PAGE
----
A few weeks I was asked a question it went something like this...
'Isn't the idea of any one person going to hell infinitely worse than the idea that Jesus could have gone to the cross and died for us?'
Now my answer to this question revolves around one central difference.
Hell is the place where people get what they deserve.
The cross is the place where Jesus takes something which is diametrically opposed to what he deserves.
This led to some development of some rambling thoughts I have been struggling to keep in check and articulate for a while. You see the Bible repeatedly talks about judgment in ways which show that one of the central characteristics of God's judgment is that people get what they deserve. Often the picture is of things being reversed (for example the plunderer is plundered, the one who abuses creation finds that creation turns on it etc - see Habakkuk 2). Now if this is the case I want to suggest that perhaps we need to re-evaluate our view of hell. People have talked about hell as the absence of God, as natural consequences of the lives we lead, of penalty from God for our rebellion and so the debate rages. This got me asking the question of what, if like the gospel itself, it is all about grace.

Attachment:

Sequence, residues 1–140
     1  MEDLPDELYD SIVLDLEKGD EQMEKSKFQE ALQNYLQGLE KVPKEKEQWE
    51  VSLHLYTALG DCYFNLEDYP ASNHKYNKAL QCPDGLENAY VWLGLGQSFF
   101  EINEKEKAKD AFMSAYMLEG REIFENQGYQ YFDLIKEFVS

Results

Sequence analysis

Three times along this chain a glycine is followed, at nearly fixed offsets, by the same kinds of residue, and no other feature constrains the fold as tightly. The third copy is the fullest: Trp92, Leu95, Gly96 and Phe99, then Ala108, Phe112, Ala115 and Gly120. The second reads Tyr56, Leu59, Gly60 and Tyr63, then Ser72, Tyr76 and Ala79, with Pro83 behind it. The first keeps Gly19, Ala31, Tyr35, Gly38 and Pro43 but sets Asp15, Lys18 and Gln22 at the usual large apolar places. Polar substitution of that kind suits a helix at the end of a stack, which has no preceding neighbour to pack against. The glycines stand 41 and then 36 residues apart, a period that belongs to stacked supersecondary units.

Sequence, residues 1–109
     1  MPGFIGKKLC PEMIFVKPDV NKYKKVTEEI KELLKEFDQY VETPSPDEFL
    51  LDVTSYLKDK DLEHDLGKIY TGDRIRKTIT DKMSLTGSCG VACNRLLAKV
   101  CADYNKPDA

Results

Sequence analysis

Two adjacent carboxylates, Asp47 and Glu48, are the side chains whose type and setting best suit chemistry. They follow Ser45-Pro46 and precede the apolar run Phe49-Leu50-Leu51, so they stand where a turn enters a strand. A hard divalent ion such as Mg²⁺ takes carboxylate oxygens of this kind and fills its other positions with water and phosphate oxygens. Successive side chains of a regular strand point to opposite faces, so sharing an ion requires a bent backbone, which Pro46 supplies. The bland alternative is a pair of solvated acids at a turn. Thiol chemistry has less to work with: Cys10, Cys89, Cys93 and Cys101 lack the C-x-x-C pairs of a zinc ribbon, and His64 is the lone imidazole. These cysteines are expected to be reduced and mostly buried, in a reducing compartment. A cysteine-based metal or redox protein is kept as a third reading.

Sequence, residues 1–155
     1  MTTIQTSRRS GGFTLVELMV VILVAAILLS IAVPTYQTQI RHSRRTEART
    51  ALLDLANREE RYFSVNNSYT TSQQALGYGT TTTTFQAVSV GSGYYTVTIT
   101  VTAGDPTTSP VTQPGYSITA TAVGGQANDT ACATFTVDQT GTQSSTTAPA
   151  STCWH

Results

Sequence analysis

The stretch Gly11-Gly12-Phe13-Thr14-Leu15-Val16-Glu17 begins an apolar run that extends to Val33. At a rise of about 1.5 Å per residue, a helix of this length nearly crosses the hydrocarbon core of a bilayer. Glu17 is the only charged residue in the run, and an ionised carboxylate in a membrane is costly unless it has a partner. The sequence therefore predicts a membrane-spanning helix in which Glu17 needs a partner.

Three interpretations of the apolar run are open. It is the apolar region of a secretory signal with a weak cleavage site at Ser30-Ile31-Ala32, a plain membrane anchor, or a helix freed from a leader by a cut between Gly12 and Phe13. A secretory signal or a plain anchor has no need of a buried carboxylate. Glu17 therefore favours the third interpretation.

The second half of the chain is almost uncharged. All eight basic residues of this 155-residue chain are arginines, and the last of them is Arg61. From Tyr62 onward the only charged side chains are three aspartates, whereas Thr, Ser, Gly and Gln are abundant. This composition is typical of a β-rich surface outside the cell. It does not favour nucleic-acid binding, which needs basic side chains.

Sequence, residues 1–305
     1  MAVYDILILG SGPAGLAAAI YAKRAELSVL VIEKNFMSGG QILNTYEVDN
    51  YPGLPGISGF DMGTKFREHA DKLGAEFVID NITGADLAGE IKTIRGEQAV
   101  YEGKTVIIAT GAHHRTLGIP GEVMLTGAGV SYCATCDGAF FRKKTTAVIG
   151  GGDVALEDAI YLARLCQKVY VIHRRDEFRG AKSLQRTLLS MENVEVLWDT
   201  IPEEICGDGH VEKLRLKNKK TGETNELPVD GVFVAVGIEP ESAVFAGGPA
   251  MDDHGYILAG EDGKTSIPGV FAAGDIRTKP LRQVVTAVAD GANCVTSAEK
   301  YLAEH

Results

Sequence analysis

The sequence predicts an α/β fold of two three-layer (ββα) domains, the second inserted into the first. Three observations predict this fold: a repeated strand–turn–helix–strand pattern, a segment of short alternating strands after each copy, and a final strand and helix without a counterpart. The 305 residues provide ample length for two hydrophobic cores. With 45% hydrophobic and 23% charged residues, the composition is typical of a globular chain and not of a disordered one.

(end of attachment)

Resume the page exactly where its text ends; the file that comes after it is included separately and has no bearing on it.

What if in essence life comes down to what grace you receive?
1 - Partial Grace - The life we all lead now. We experience some of God's grace but not all of it. We do not suffer the consequences (be they natural or supernatural) for all the moments of our lives but nor are we spared from them all. We enjoy God dealing with us graciously to a degree.
2 - Complete Grace - This is what historically people have called heaven. This is where we enjoy God's grace in it's fullness. We enjoy his blessing, his forgiveness, his pardon and his acceptance absolutely. Here we live as recipients of grace and practitioners of grace in an existence where grace is the norm.
3 - No Grace - This is what historically people have called hell. This is where God ceases to pour his grace on us in any way and we stop relating to each other with any grace at all. As a result what do we end up with? Well we end up in an existence where all we get is precisely what we deserve. Having rejected God and seen grace as unnecessary, impossible or offensive then we no longer enjoy even the partial grace God blesses us with during this life.
This may be heresy for all I know but I think this seems to reflect the way the Bible talks about this world, heaven, judgment and the gospel. Perhaps this can help us re-evaluate our view of God's judgment and start to realise just why understanding and accepting grace is so crucial, not just for now but for forever.